A local resident has taken her frustrations to city council after she was told to remove an illegal shipping container on her residential lot.
Arlene Ridler had until July 24 to move the large container, which is in violation of a zoning bylaw, from her 22-acre property on Graham Avenue.
She appeared before city council on July 25 to ask that they consider allowing the container to stay.
“The shipping container existed on this property well before City bylaws disallowing them even existed,” Ridler said in her address to council.
“I could see the issue if I was on a small city lot with homes all around me, but I’m not. I am on 22 acres at the end of a street with my parents on one side and the sewage treatment plant on the other,” she said.
Arlene and Ron Ridler first received a notice from the city in April stating they had until May 31 to remove the shipping container – popularly known as a sea can – from their acreage at the west end of Graham Avenue, adjacent to the City of Terrace’s sewage treatment lagoon.
After requesting an extension, the Ridlers were told to relocate the container before the start of this week or face fines starting at $100, an amount that increases over time if the container is not moved.
They have used the container for storing everything from horse supplies to garden tools since they purchased it in Vancouver for $4,500 four years ago.
Under City of Terrace zoning bylaw No. 2069-2014, the permanent usage of shipping containers is prohibited in areas zoned as agricultural or residential.
In a letter to council, Ridler said she was grateful for the work staff had done to allow an extension, but felt that it was unfair that her property was being targeted for bylaw enforcement.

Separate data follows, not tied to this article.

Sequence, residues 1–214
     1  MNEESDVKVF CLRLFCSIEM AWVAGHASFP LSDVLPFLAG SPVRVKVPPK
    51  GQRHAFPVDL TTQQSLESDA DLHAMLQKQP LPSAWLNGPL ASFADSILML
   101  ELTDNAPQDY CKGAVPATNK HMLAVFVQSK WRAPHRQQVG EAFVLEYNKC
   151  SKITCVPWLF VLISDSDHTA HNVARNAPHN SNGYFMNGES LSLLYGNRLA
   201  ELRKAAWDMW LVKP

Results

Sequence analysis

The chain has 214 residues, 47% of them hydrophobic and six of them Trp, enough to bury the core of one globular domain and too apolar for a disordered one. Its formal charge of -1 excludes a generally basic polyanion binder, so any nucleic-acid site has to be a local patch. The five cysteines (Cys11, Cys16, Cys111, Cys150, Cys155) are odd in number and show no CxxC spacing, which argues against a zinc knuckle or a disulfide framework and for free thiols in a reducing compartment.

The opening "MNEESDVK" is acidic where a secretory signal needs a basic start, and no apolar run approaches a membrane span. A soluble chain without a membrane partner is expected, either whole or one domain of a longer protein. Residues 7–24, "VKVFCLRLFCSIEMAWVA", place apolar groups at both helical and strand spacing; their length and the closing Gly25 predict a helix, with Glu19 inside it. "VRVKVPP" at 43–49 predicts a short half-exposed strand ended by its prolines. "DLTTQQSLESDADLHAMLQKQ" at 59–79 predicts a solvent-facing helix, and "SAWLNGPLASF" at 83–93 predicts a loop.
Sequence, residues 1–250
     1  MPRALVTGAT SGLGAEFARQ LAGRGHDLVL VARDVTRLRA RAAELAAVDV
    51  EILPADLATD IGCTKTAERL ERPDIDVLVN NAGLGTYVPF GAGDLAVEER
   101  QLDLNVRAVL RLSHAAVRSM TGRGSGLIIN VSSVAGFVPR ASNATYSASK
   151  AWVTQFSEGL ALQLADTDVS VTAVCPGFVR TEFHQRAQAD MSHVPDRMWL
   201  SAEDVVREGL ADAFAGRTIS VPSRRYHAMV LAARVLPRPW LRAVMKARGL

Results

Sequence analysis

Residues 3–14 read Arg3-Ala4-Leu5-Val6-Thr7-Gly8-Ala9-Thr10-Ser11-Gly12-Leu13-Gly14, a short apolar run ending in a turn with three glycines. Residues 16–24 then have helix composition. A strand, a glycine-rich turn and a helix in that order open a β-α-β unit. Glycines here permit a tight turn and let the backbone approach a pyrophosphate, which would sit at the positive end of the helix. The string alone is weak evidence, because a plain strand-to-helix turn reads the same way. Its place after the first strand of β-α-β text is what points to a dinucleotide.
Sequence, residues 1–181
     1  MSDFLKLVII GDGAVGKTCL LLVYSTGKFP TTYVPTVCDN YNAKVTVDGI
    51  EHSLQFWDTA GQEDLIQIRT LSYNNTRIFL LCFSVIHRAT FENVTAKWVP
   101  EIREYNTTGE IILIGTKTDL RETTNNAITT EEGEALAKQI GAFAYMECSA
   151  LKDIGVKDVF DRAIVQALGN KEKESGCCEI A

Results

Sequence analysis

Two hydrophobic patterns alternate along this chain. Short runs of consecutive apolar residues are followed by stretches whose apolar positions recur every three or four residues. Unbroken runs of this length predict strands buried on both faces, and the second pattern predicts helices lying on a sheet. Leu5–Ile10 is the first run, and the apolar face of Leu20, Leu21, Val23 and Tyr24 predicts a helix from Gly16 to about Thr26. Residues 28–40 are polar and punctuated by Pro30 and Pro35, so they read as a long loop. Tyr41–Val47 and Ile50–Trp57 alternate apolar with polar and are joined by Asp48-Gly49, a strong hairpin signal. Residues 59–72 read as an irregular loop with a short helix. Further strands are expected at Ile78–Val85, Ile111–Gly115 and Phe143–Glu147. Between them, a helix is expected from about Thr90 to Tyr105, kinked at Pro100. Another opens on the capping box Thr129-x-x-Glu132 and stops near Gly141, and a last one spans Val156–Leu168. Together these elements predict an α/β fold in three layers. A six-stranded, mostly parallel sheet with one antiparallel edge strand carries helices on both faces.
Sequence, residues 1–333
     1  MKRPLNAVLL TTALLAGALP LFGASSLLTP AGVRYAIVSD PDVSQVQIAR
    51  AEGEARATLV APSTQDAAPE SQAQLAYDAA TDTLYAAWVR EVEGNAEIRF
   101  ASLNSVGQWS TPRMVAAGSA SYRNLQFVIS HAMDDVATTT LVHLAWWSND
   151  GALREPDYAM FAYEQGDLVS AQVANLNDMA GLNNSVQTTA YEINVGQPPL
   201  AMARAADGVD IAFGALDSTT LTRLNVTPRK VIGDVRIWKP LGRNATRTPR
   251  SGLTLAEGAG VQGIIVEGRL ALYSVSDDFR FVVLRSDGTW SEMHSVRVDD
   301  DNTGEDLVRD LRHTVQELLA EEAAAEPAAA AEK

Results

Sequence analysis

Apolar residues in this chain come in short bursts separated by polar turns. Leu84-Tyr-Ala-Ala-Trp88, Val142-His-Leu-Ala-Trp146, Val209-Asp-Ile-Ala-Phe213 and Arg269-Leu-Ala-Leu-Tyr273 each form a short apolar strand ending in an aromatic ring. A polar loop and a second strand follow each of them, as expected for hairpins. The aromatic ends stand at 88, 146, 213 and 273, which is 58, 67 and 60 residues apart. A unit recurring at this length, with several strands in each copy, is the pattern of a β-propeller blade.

“I take this very personally, because I have driven all over this town and there are so many far worse properties than my own,” she said.
“I feel like I’m being unjustly treated, on 22-acres where there’s my parents on one side and a road on the other. You can see the sea can from the road, but it’s not going to stay there.”
The city is aware of other properties violating the shipping container bylaws, but Ridler’s notice also contained a nuisance bylaw violation that said “the state of yard is starting to become a nuisance to surrounding properties.”
Because of the “unsightly” shipping container, the city was compelled to look at the issue immediately, according to the city’s bylaw enforcement officer Dwayne Sheppard.
Ridler told council she is particularly unnerved that someone had complained to the city about her property’s appearance, noting that daily trespassers on her property use it as a route to the Skeena River.
But Ridler said she is open to complying with the bylaw.
“I’m not saying I won’t comply, we have many ideas for how to shield the sea can, but we are in the process of landscaping,” Ridler explained.
“I would like to actually put a wall around the sea can, a hedge or flowers.”
She said health issues have made it difficult for her and her husband to put work into their yard.
City planner Tara Irwin said that the first 40 meters of the Ridlers’ property is zoned residential, but the remaining land on the lot is zoned agricultural.
“We are aware of [other] shipping containers that exist on properties in agricultural zones,” said Irwin. “The challenge is that [this one] is on a residential zone.”
She said the city could look into a temporary use permit to keep the container on the agricultural portion of the land for a short period of time.
But Ridler said she wanted people in the community to be aware that containers are not allowed in residential zones.
“The reason I’m here . . . is to bring awareness to the public about this,” she added. “People are buying shipping containers every day.”
Terrace mayor Carol Leclerc thanked Ridler for her presentation, but said council would refer the matter to staff.
“This isn’t the place to have this conversation,” she said.